BWW Reviews: WHEN WE WERE YOUNG AND UNAFRAID Debates Meanings of Equality
In 1972, the year in which Sarah Treem's engrossing drama When We Were Young And Unafraid takes place, both houses of congress passed the Equal Rights Amendment, which eventually failed to be ratified by a sufficient number of state legislatures.
The twenty-four uncomplicated words of the amendment's first section may seem clear enough to any individual, but words and their consequences have a way of being open to interpretation, and even those who the amendment was most meant to benefit were not in total agreement of its meaning and of its value.
While it's doubtful that any of the four women Treem introduces us to would be against any of her gender's right to equality under the law, their different ages, experiences and other factors motivate them to see equality in different ways.
Cherry Jones, the evening's wide and sturdy anchor of low-key, no-nonsense directness, plays Agnes, an ex-nurse and the owner of a bed and breakfast on an island off the coast of Seattle. Scott Pask's wonderfully detailed set depicts the large rustic kitchen and dining area Agnes shares with her teenage daughter, Penny (Morgan Saylor). That part of the house is off-limits to their paying guests because their home also serves as a safe haven for abused women who need an emergency place to stay while figuring out their next moves.
The gentle ringing of muffled chimes and four clear knocks coming from the basement signal the arrival of another woman in need. Mary Anne (an excellent Zoe Kazan) has a gaping wound where her husband hit her and nowhere else to go.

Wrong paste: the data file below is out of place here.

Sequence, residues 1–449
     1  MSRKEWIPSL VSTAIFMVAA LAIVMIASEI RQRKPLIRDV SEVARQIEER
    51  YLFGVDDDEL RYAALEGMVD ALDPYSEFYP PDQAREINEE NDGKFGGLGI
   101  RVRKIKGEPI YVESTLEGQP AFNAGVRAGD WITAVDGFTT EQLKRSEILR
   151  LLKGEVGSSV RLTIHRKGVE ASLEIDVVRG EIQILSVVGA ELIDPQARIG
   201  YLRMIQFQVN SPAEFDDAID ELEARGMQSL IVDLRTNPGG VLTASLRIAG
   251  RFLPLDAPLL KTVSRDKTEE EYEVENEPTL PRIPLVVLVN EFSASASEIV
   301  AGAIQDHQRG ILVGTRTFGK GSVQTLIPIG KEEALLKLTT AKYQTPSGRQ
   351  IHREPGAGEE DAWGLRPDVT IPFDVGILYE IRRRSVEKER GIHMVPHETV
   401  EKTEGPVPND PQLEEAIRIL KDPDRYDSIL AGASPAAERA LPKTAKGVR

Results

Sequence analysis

As she becomes more comfortable in her new surroundings, Mary Anne starts bonding with Penny in a way Agnes never has. Though the Yale-bound teenager expresses no interest in going to the prom, she admits she has a bit of a crush on the captain of the football team. Mary Anne, who blithely dismisses the Women's Lib movement, encourages Penny to get her man by hiding her intelligence and following her simple steps to making him think that asking her out was his idea.
Meanwhile, a black lesbian revolutionary named Hannah (bundle of confident energy, Cherise Boothe), who arrived in search of a female commune named Womynland, has convinced Agnes to employ her handywoman services. Though Agnes finds Hannah's theory of how men and women should live in separate societies, meeting only occasionally for the purpose of procreation, a bit far-fetched, Hannah can see a clear bond between them.
If some of the characters, particularly Hannah, express themselves in manners that sound like the playwright defining their types, it's not so unbelievable to think their words are heavily influenced by the published rhetoric of the day. Pam MacKinnon's direction underplays the dramatics and the play feels like we're simply viewing the everyday occurrences of Agnes' life, conveying the message of such events being part of a continuous cycle.
Though Mary Anne's husband never appears, his presence is certainly felt. The only male character, B&B guest Paul (Patch Darragh), may appear as a safe, sensitive fellow, but there's an overly protective Sir Galahad streak in him that seems motivated by the belief that being nice to a woman has its rewards.
The play's strongest point is its depiction of women supporting each other despite their disagreement of what is best for them all. Judging from the diverse opinions that were enthusiastically expressed by audience members at the talkback following the performance I attended, When We Were Young And Unafraid should spark quite a bit of spirited discussion.